We want men to be fathers, but we don’t want to offend women by suggesting that men are in any way capable of doing or being something which they (women) cannot do or be.  In fact we want to avoid any suggestion that there’s a difference between them sufficient to perhaps treat them differently. We certainly don’t want to suggest that the women who are mothers might in any way need the men who are fathers.

The collapse of fatherhood is exactly the product of those second commitments though.  To be blunt again, for a hundred years feminists have said that they don’t need men, that they can do anything men can do, that there is nothing special or unique about being a man.  Should we be surprised that so many men have listened?  That so many men have left women to fend for themselves, have left women to do what men ought to do, have stopped believing that they have anything special to offer.

We want children to see healthy relationship between their mothers and fathers, but we don’t want to believe that men and women might both have unique and important contributions to relationships. We want children to have families, but we don’t want to offend anyone by suggesting that they curtail their sexual impulses until they’re in some way committed to their partner.

I could go on, but I’m out of time again.  It’s pretty clear which of the contradictory commitments we favor.  The question remains: how long will we keep trying to preserve the helpful things our commitments won’t allow?  How long will we delude ourselves into thinking that maybe we can preserve social institutions which we’ve entirely gutted, like fatherhood and family?  How long until we accept that all of our supposed liberations are in fact the problem we face?

Fatherhood In A Vacuum

My wife showed an amusing video to me today.  It started with a large man doing a rather girly cheerleader routine.  At the end the camera pans back and we see that the man is helping his daughter learn to lead cheers.  It was produced by an organization created to support “responsible fatherhood,” which is certainly an interesting way to put it.

I for one am glad that people are taking an interest in encouraging men to be fathers to their children, but I would be even gladder if they stopped undermining fatherhood by every other one of their efforts.  Right now they are destroying the foundation and first floor of the house, and are trying to encourage the second floor to stay aloft.  It simply will not happen that way.

Fatherhood is an extension of manhood.  You have to be a good man before you can be a good father, although that relationship is not necessarily chronological in a strict since.  It may be that struggling to become a good father will help one become a good man, but you cannot simultaneously be a good father and a bad man.

So what does it mean to be a good man or a bad man?  I suspect that when first reading that, many people read “bad man” as “criminal,” but that isn’t what I mean.  I don’t mean bad in the sense of “breaks the law,” I mean bad in the sense of “doesn’t meet the standard.”  The real question is this:  what does it mean to be a man?

And that is precisely the question that our society not only avoids, but actively discourages.  We don’t want to seem like we’re being unfair to anyone, so we don’t want to say that there might be anything called “manhood” which would in any way exclude anyone, including women.  Mostly, we reduce manhood to what is unavoidable and obvious: biology.  And then of course we downplay even that.  We don’t even want to admit that biological differences are that important.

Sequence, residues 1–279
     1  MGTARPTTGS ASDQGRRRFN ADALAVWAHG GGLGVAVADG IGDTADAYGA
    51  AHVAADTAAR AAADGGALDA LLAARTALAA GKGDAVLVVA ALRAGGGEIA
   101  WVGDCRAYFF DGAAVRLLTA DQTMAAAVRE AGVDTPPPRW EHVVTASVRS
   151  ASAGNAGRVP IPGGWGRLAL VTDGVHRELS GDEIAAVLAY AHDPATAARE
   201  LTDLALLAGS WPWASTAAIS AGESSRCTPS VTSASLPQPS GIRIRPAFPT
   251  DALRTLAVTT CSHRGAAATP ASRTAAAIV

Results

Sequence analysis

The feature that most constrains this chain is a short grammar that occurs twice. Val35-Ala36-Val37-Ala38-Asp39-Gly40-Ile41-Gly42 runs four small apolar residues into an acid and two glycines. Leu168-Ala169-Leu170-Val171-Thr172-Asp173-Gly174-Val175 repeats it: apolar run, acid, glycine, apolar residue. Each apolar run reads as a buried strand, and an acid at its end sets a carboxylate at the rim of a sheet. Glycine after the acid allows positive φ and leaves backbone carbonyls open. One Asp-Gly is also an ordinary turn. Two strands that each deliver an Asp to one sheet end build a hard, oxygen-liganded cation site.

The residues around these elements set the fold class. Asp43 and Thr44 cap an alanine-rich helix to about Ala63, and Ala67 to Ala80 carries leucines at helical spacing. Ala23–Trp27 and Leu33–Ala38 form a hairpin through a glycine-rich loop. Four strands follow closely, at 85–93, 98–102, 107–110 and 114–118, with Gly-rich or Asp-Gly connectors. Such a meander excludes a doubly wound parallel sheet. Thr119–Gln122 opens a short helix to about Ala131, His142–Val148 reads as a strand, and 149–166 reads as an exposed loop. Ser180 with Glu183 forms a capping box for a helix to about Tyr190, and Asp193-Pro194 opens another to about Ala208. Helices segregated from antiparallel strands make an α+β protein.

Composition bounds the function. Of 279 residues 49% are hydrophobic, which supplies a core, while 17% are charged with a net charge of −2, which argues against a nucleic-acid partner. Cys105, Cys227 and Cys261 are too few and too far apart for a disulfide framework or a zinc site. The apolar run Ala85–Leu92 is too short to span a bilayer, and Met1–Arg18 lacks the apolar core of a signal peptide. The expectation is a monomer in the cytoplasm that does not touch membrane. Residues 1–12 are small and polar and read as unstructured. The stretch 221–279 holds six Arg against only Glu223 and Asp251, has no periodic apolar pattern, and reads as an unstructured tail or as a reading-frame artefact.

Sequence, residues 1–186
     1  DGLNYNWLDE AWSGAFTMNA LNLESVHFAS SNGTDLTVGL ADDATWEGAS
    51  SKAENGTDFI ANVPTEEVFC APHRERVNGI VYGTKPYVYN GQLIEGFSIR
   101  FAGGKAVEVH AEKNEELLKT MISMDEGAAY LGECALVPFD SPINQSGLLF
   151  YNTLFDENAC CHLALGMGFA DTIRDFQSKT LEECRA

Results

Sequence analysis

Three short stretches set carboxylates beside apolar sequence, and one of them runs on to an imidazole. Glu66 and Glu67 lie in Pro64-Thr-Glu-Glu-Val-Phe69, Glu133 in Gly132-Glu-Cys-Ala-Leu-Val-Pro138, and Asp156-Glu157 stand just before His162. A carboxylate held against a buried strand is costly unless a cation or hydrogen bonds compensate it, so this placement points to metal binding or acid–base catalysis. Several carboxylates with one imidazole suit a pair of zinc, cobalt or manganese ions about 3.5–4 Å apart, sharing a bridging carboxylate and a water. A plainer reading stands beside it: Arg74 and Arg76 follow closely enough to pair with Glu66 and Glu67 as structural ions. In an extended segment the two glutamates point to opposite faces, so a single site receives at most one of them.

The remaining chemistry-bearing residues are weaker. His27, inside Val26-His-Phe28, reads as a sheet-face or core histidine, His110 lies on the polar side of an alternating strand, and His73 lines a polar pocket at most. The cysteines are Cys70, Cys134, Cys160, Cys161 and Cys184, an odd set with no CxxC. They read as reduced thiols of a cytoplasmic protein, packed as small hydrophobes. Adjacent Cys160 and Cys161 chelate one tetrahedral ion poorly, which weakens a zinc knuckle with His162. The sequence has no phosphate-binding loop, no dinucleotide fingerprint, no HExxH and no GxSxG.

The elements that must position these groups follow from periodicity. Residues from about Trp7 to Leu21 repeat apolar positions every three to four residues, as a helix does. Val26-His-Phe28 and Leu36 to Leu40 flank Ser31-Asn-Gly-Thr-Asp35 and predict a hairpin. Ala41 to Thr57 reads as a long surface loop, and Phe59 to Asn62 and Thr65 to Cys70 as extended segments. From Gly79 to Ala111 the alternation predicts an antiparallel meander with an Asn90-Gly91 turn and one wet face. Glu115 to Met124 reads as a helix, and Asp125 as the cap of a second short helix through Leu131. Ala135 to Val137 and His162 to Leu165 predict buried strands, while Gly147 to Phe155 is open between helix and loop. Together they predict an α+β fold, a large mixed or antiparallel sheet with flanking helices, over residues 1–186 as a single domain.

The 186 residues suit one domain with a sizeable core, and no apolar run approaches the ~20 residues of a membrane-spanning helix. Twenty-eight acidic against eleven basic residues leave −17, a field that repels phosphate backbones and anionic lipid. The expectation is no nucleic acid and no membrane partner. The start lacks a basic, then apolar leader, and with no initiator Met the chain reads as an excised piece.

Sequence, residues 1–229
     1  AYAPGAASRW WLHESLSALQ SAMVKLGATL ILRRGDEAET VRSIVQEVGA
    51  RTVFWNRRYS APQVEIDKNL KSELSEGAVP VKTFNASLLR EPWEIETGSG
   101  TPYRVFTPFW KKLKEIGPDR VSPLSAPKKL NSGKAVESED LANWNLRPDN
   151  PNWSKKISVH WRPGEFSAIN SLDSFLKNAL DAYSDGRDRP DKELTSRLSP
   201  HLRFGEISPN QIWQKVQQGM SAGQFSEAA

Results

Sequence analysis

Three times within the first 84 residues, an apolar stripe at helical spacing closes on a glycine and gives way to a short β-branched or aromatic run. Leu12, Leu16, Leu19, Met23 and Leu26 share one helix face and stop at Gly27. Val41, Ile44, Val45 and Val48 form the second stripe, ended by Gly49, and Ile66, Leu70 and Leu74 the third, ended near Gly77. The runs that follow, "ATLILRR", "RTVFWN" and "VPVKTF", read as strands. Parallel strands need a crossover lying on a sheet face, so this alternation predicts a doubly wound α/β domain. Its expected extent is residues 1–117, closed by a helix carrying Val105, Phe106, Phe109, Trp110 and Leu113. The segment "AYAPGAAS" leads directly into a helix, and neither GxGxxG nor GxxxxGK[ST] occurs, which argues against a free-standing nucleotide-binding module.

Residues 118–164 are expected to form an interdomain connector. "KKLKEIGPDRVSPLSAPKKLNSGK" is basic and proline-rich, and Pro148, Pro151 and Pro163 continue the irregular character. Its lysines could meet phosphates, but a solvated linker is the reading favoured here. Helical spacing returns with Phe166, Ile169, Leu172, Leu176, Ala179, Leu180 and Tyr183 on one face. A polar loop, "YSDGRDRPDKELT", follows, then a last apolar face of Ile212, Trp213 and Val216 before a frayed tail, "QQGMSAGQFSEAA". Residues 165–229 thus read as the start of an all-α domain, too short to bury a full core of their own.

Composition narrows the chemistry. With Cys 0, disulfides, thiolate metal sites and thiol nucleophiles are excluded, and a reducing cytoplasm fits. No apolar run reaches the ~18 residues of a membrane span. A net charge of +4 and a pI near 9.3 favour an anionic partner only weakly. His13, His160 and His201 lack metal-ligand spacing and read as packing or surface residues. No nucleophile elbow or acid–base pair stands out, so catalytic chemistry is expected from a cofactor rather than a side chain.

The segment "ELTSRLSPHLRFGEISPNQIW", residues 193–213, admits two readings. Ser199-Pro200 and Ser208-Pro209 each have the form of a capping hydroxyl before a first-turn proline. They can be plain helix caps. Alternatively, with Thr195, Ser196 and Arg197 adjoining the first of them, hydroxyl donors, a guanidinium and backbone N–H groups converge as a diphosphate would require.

It shouldn’t surprise us that our culture is so obsessed with sex.  The biological relationship between people is the only one we’re prepared to talk about at all.  We can’t talk about relationships between men and women as anything but relationships between male and female, because we’re uncomfortable suggesting that there might be such things as manhood and womanhood.  We don’t want there to be qualities that distinguish us, because that might be unfair.  Of course we can’t deny that we have distinct sexual organs, though, so suddenly that’s all we have left to talk about.

Now curiously, generations of male humans, raised to believe that the only definition of manhood allowed to them was biological, became fathers in a purely biological sense.  But of course they became biological fathers often, as that’s a natural consequence of relating to human females primarily through sex, and they had no other means of relating.

Unfortunately, children are a hindrance to sex, so purely biological fathers resent them (at best) or hate them (at worst), and in any case have little cause to stay with them.  This is especially true when they can fulfill their purely biological desires more effectively by leaving those children and their mother, and pursuing a relationship with some other unencumbered human female.

So in short, defining manhood purely in terms of biology produces exactly the culture we have today, which has become so obviously problematic that we’ve resorted to making goofy videos in a vain attempt to convince those we’ve reduced to being male to be something more like the men we won’t let them be.

That was a confusing sentence.  Let me put it another way.

Dear Society, you cannot salvage fatherhood because you have destroyed manhood.

I’m out of time, but let me say one small thing before I go.  I don’t mean manhood in terms of heavy drinking and shouting at sports, or any of those things that are stereotypically associated with “men being men.”  I mean something more like what was glimpsed in chivalry:  being unapologetically strong and bold, but using that strength and boldness self-sacrificially to serve, protect, uphold, and uplift.